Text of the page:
By Carol D. Leonnig
Washington Post Staff Writer
Friday, February 24, 2006
Attorneys for Vice President Cheney's former top aide argued yesterday that a federal court should dismiss all charges against him because a special prosecutor lacked the legal authority to bring the charges.
Lawyers for I. Lewis "Scooter" Libby argued that Special Counsel Patrick J. Fitzgerald was improperly appointed by the Justice Department instead of the president to investigate the leak of CIA operative Valerie Plame's identity. That means his work and the charges of perjury, making false statements and obstructing justice brought against Libby in October are invalid, they said in court papers filed yesterday.
Other documents released with their filings show that by August 2004, eight months after beginning his investigation, Fitzgerald had amassed a large amount of evidence suggesting that Libby was lying to investigators. Libby's accounts of conversations with administration officials and reporters about Plame conflicted with others offered by virtually every administration official and reporter questioned by Fitzgerald's investigators.
Also yesterday, Fitzgerald asked U.S. District Court Judge Reggie B. Walton for permission to explain a "factual matter" in a sealed filing that concerns his ongoing grand jury investigation and the reasons Fitzgerald believes he cannot release some of the documents Libby's defense lawyers are seeking.
Since Libby's October indictment, Fitzgerald has continued investigating whether White House Deputy Chief of Staff Karl Rove also made false statements, according to sources close to Rove. In November, Fitzgerald also began probing why a Bush administration official who had previously testified in the investigation notified him only that month that he had provided information about Plame to Washington Post Assistant Managing Editor Bob Woodward in June 2003.
Fitzgerald was appointed to investigate whether administration officials knowingly disclosed Plame's CIA role to the media in July 2003 in an effort to discredit her husband, former ambassador Joseph C. Wilson IV, an administration critic. Then-Attorney General John D. Ashcroft recused himself from the investigation because of his close ties to the White House, and Deputy Attorney General James B. Comey Jr. selected Fitzgerald as a special counsel and gave him broad powers to operate separately from the Justice Department.
Several legal experts said yesterday that the Libby defense team was making a valiant and appropriate effort to defend its client, but said they doubted that the central argument for dismissing the charges would gain traction with the court.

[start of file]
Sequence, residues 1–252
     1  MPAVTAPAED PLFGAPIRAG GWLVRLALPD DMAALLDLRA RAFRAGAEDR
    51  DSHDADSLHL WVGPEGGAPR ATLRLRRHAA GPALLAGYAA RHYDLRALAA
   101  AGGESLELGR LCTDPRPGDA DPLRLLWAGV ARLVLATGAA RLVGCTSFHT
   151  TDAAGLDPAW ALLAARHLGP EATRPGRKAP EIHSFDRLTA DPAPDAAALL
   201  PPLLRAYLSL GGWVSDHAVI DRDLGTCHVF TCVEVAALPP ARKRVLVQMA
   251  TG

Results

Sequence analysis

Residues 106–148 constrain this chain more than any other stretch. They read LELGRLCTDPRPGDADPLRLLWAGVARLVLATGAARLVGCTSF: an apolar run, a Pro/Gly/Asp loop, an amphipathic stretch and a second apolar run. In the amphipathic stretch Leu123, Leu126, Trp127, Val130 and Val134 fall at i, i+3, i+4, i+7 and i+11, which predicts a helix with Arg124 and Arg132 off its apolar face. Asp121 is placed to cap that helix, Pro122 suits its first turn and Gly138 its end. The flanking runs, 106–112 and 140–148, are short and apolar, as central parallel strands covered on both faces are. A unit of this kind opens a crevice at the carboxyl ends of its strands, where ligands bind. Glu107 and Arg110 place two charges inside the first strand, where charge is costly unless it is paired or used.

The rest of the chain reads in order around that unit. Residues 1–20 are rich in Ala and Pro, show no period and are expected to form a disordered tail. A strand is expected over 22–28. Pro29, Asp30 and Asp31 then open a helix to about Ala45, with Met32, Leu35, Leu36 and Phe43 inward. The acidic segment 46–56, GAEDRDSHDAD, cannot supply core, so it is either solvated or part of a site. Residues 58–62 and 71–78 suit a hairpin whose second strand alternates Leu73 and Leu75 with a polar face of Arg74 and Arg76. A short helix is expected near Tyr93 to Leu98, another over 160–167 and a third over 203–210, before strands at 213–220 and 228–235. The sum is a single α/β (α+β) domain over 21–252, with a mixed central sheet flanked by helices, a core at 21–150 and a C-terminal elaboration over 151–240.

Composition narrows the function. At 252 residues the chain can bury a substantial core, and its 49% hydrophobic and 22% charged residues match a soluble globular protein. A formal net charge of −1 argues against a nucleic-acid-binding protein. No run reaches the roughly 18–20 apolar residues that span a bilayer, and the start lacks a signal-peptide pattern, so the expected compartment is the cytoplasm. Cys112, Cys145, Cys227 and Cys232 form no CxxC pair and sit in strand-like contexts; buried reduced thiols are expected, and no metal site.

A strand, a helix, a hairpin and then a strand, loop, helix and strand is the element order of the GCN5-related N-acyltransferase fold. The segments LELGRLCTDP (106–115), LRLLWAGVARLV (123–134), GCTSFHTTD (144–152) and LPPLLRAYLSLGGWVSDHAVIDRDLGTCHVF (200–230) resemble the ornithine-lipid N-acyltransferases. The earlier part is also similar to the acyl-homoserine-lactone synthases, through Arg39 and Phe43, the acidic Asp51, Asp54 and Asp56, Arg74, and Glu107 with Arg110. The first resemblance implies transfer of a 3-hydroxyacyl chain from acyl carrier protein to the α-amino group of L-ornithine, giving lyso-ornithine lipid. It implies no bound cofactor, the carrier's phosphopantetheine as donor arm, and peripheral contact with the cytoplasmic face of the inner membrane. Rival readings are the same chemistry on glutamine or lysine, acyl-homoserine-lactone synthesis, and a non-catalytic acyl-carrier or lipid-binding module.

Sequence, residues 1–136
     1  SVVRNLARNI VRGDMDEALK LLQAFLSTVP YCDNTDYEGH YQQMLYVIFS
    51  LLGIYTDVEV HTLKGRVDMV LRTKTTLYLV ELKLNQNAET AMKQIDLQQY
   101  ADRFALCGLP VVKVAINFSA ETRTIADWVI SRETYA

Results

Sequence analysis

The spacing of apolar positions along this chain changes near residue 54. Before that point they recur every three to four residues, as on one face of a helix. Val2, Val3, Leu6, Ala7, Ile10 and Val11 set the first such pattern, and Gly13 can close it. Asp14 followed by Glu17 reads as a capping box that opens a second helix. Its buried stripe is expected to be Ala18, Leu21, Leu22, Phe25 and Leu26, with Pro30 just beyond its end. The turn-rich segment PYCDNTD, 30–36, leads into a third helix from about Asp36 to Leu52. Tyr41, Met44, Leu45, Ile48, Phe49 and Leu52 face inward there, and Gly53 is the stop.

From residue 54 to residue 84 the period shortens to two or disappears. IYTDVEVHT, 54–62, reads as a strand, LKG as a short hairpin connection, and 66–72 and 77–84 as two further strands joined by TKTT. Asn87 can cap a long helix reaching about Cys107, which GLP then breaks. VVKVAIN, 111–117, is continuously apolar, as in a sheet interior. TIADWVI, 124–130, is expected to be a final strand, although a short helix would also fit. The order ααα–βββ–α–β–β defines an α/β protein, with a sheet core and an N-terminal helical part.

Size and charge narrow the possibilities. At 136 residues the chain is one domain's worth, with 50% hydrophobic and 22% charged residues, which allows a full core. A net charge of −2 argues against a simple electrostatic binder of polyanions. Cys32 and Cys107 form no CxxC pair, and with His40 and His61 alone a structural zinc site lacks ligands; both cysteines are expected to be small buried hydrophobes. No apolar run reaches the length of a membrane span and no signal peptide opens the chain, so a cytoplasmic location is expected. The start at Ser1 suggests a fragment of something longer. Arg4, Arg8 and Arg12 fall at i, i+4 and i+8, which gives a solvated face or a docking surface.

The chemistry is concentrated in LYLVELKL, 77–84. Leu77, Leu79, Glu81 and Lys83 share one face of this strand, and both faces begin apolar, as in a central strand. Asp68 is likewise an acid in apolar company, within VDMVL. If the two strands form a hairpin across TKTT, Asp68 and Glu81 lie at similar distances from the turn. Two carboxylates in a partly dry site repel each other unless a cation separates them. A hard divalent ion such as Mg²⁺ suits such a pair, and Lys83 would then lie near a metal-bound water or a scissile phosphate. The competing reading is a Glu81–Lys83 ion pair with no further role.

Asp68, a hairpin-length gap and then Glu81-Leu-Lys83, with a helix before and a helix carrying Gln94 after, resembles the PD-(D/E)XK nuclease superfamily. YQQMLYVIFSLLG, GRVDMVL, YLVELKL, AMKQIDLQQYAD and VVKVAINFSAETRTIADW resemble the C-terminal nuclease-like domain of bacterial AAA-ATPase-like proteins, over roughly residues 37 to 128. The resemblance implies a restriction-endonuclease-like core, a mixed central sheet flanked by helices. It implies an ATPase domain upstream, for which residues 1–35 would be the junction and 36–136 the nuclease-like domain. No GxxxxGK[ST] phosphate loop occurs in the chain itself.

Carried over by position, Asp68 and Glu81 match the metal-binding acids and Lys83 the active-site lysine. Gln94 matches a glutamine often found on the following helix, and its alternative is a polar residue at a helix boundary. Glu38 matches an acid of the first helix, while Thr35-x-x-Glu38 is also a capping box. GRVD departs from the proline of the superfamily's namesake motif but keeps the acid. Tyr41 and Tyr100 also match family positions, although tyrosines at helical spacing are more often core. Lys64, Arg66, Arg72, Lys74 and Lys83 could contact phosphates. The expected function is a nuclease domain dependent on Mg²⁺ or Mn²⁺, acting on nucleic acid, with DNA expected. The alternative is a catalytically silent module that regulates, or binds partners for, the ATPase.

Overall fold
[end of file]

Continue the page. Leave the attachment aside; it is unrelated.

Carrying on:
"I think it's a nice try, but I don't give it much chance of success," said Scott Fredericksen, an associate independent counsel during the Reagan administration who helped investigate scandals at the Department of Housing and Urban Development.
Experts said the Libby defense claim is similar to a challenge the Supreme Court rejected by a vote of 7-1 in 1988. In that case, Morrison v. Olson , the Justice Department sought to quash subpoenas of its officials by an independent counsel. They argued that the law that allowed the appointment of independent counsels violated the president's authority under the Constitution and gave such independent investigators inappropriately broad powers.
The regulations written by the Justice Department to allow for the appointment of a special counsel such as Fitzgerald were adopted after the 1992 expiration of a separate law that authorized a judicial panel to appoint independent counsels. The agency decided the regulations were necessary because it was likely there would be times when the federal government's chief law enforcement agency faced conflicts while investigating some matters.
Though the independent counsel worked outside the executive branch, the special counsel regulations were written to work within the executive branch, legal experts said, and the attorney general has authority to deputize someone to prosecute the nation's laws.
"The regulations that created the special counsel are safe from attack," Fredericksen said.
In a previously sealed affidavit released yesterday, Fitzgerald gave a progress report to a federal judge in August 2004 on his investigation and explained why he considered it crucial that reporters be required to testify about their conversations with administration officials, in particular Libby.
Fitzgerald said there was "substantial reason to question" Libby's statements to investigators that he first learned that Plame worked at the CIA in a July 2003 telephone conversation with NBC reporter Tim Russert, and passed on that information to former New York Times reporter Judith Miller and Time magazine reporter Matthew Cooper. Fitzgerald said investigators had found that Libby spoke with seven administration officials about Plame's CIA employment prior to the date of Libby's call to Russert and that Russert said he never spoke with Libby about Plame.
"Libby's account of conversations has been largely inconsistent with every other material witness to date," Fitzgerald wrote.